Technological advancements and the advent of modern care delivery models have in a way narrowed down the gap between physical and virtual healthcare environments. Since the COVID-19, public health emergency has increased the utilisation of technology to safely access and deliver healthcare. Virtual health companies are coming forward to grow at record levels to innovate and find winning models. There has been a significant change in the attitude towards embracing virtual health, both from patients and service providers’ perspective. On the other hand, investments in telehealth and digital health have shot up exponentially along with favourable regulatory changes.
According to a survey conducted by Applause in July 2021, 46 per cent of respondents used telehealth services at least once and 84 per cent opted virtual platforms to avoid in-person activities during the Covid-19 pandemic. Over the last year, Telehealth has certainly redefined patient care bringing forth the importance of virtual care giving with the help of digital technologies. We have witnessed the emergence of virtual care and digital health business models to improve patient experience, accessibility, affordability, and outcomes.
While telehealth services have seen a tremendous uptick in the Covid environment, the rate at which it grew has normalised. Now, there is a need for additional reforms that focus on making telehealth an integral part of value-based care. The Covid-19 pandemic has indicated it’s time to make Telehealth a fundamental step and a priority for caregiving, thus creating avenues to modernise care delivery. A recent McKinsey study suggests that the telehealth market has a tremendous growth potential from US$3 billion to US$250 billion by 2025.
Decisive action is required for healthcare systems to develop capabilities at scale to provide high-quality patient care. From building capabilities to supporting the workforce requirements, health systems have to focus on accelerating the growth of telehealth usage across regions.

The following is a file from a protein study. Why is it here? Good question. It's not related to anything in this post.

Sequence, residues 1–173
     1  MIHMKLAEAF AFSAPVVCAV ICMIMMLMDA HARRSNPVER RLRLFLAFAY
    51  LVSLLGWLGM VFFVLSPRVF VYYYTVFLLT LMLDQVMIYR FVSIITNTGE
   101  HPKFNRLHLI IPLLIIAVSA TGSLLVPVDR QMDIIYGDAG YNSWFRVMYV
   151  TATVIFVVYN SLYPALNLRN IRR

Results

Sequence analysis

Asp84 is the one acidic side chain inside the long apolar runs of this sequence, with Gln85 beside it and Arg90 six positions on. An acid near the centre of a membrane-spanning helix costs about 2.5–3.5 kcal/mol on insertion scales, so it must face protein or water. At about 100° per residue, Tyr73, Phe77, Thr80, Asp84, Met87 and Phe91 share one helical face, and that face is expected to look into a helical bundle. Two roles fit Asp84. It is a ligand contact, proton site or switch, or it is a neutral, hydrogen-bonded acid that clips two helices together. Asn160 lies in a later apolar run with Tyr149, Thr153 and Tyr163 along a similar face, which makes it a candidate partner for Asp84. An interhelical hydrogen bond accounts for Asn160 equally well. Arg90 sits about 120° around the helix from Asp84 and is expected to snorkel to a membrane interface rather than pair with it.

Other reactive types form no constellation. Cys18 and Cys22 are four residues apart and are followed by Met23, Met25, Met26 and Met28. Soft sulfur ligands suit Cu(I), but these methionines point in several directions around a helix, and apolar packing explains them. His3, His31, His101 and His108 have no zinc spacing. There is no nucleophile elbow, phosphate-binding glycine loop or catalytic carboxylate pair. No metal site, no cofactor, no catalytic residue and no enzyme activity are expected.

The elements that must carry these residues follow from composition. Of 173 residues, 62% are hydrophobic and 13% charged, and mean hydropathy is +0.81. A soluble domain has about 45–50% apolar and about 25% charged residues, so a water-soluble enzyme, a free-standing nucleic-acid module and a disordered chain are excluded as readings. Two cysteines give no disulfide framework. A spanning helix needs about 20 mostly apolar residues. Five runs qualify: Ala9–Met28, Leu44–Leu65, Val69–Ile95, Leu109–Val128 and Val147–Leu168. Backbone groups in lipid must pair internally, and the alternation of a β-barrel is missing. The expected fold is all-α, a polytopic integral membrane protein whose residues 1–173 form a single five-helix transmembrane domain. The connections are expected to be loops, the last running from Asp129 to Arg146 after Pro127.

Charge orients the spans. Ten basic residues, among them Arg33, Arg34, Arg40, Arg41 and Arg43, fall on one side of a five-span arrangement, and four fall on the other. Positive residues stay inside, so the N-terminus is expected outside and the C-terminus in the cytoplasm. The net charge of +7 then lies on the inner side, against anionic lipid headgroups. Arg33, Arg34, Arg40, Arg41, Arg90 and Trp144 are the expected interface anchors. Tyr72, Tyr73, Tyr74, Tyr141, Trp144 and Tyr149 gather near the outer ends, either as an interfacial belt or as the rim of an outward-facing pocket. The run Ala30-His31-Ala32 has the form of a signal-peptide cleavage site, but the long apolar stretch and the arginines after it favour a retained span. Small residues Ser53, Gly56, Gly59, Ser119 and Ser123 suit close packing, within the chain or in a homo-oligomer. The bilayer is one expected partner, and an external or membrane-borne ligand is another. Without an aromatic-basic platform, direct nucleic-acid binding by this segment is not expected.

From healthcare organisations and technology providers standpoint, it is essential to evaluate the impact of virtual care in various scenarios, identify the need to build assets and capabilities required to execute an effective telehealth implementation plan. This way, the stakeholders in the industry will be better prepared to adopt a virtual health roadmap. Today, Telehealth appears to be the way forward, but it requires a holistic shift rather than a unidimensional approach. Beginning with the development of infrastructure, it is essential to obtain necessary regulatory clearances/ approvals in time. Most importantly, train and prepare the caregivers to leverage technology for highly-effective care delivery.
This issue features an article by Angela Lee, Principal and Regional Managing Director for Asia Pacific at HKS and Gordon Gn, Design Director at HKS Singapore. In this article, Angela and Gordon take us through how Telehealth can be the next frontier of virtual care beginning with impact on physical design of facilities while delving into how a physical-digital hybrid approach. The issue also covers an interesting writeup on leveraging space technology for improving healthcare outcomes by K Ganapathy, Director, Apollo Telemedicine Networking Foundation, and other insightful articles. Hope you find the issue very interesting.